There was a bonfire at the Club Mahindra resort too the night before — on a hillock that in the daytime overlooks the beauty of Coorg. The resort had kicked off its gourmet festival that morning, and we were supposed to have sampled many cuisines throughout the day before creating a thirst for drinks that would precede an elaborate dinner spread out by chef Padmanabhan.
But nature had conspired against the team from Chennai: fog in Bangalore delayed the plane that was to carry us from Chennai to Mangalore, and as a result, the drive from Mangalore to Coorg was undertaken mainly under darkness, which meant poor visibility for the driver and no visibility at all of the scenic drive.
It was past ten when we reached. Whatever little desire was left to drink had died, but the ambience of the resort turned out to be a rejuvenator, especially the fragrant candles lit up along the pathway to the hillock where the bonfire and the dinner was on. I made a stiff drink, sat by the steps of what looked like an amphitheatre, and watched the mist settle in on the valley. Punjabi music played and a lavish dinner awaited us. Presently, Kodava dancers took over. Their drums lent zest to the chilly air and gave me an excuse to make another drink. And yet another. Time to eat. What I relished most was the jackfruit biryani.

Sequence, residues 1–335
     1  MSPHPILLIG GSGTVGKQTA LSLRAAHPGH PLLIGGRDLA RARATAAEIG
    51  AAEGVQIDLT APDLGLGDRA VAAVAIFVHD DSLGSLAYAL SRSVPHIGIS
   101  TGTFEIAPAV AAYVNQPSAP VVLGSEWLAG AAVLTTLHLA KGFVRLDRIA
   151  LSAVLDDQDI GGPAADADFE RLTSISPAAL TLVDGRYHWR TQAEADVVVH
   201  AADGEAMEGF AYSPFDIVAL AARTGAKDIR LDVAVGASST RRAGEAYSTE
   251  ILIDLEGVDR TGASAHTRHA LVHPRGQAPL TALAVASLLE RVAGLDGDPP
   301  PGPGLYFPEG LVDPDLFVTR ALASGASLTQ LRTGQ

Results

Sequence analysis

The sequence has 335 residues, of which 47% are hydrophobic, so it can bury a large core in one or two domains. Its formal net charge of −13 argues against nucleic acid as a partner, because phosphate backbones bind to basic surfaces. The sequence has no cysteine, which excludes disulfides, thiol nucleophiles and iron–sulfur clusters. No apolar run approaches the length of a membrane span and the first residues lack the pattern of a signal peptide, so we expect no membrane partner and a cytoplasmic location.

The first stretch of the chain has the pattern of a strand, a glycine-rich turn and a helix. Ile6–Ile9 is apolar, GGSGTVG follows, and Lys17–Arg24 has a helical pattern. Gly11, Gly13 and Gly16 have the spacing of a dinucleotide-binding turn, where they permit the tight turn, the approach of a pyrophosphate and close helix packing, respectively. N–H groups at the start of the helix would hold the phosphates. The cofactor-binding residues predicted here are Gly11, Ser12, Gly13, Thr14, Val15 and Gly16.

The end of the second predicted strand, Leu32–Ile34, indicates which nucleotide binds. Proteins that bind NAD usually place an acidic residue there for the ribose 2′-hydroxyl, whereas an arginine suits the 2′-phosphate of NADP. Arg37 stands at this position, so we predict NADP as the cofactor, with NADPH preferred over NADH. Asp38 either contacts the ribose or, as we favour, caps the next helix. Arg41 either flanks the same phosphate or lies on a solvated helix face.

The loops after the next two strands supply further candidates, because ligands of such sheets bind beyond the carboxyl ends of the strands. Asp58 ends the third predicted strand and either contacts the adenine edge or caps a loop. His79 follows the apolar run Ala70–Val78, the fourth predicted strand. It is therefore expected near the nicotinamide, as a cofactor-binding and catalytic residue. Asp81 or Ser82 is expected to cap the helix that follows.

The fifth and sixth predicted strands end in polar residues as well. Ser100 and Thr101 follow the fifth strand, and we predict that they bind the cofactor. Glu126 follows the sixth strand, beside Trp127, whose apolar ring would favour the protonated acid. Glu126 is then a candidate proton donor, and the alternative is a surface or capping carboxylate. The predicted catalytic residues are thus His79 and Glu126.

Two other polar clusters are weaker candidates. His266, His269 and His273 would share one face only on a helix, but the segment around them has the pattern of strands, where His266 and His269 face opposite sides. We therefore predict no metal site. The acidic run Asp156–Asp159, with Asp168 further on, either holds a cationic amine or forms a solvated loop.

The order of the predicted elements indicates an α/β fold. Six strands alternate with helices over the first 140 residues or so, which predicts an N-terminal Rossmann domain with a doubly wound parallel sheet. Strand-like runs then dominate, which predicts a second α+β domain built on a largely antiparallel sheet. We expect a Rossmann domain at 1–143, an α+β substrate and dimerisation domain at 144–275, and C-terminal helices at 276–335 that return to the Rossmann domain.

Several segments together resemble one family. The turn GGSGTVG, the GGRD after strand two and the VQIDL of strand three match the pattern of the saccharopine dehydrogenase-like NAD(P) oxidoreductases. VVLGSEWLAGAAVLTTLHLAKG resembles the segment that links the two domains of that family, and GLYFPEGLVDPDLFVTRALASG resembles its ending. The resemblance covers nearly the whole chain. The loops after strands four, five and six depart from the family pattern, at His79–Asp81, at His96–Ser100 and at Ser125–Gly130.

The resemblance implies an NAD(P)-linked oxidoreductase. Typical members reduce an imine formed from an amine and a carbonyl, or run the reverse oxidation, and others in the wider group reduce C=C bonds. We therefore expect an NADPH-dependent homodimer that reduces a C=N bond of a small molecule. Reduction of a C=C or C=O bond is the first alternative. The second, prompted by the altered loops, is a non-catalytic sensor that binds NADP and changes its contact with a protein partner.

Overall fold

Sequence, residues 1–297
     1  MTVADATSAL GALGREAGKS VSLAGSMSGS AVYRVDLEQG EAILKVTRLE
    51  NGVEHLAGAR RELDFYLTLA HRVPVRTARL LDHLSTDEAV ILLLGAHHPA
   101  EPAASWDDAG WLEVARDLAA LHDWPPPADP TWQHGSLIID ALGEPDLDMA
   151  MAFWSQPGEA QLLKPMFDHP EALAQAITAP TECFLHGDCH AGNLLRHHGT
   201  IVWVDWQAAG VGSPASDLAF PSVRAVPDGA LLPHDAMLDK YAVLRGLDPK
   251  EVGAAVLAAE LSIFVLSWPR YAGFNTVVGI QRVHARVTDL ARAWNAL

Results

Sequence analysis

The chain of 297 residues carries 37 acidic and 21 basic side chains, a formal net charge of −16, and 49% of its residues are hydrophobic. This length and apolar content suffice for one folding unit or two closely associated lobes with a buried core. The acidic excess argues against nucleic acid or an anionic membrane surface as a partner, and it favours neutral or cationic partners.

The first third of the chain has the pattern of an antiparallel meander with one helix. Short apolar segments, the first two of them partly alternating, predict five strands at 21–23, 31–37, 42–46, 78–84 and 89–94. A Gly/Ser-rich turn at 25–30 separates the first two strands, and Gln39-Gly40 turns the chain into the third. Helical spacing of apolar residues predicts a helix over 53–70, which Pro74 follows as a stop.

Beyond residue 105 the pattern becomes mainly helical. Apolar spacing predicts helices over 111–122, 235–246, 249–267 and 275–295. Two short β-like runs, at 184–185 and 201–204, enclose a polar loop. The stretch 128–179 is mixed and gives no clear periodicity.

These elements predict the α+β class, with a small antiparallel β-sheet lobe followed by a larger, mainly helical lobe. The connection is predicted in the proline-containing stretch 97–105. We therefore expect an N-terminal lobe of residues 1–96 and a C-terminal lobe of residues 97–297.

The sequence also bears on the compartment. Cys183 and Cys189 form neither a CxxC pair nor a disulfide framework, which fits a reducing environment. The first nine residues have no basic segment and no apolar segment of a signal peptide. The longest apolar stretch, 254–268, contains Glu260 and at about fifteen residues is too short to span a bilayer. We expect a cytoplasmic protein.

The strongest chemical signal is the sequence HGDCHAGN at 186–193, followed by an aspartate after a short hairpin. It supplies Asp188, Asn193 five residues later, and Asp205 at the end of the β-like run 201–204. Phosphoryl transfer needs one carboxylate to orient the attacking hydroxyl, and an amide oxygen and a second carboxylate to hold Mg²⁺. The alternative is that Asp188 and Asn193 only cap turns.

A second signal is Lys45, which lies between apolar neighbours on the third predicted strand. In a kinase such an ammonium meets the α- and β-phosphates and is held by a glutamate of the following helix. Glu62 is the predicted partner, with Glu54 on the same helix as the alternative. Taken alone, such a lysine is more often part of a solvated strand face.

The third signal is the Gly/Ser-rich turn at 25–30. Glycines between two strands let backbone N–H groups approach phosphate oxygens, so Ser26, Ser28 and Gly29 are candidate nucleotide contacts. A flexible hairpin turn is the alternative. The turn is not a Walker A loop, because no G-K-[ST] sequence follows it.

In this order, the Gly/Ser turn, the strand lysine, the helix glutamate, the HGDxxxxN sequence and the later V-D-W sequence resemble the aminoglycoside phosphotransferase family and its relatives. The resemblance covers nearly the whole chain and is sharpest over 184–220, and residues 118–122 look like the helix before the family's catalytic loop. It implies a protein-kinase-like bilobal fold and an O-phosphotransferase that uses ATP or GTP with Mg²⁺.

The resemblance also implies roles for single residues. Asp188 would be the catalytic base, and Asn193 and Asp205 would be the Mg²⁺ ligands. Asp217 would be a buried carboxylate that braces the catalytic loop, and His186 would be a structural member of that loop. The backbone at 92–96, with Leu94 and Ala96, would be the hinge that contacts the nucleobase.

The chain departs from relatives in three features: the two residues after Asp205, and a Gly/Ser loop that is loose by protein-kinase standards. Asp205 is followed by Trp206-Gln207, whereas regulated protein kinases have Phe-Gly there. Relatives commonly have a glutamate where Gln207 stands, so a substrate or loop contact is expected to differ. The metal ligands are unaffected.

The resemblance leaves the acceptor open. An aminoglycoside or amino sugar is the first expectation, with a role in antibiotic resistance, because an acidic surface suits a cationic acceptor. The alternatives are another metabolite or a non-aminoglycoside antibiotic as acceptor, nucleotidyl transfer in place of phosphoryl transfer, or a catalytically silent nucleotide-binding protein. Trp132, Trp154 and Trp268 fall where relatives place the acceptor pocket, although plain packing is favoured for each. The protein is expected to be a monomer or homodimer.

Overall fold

But what I would remember the most is the walk back to the room: climbing down and up and down and up, amid singing insects and the fragrance of the candles, and the sight of a giant moth hovering around. It was the night to be up and get mushy, and not the night to sleep. But sleep one had to, for one had to be up early for the date with Joye Eerappa. Foodies were up even earlier: they had to catch up with a session on doughnut-making. A lot of those doughnuts and sandwiches were packed in boxes, and off we went with Joye to explore Madikeri (the district headquarters of Coorg) and places around. That’s when we met the elephants at Dubare.
From there we went to Bylakuppe. Bylakuppe is one place I’ve been planning to go for a long time: the idea being to learn meditation. And now I suddenly find myself being driven there. It’s a small town at the foot of Coorg but technically part of Mysore district. It houses the Namdroling monastery which, according to Joye, is the second largest Buddhist monastery in Asia. It is home to more than 5000 monks and over 1400 nuns.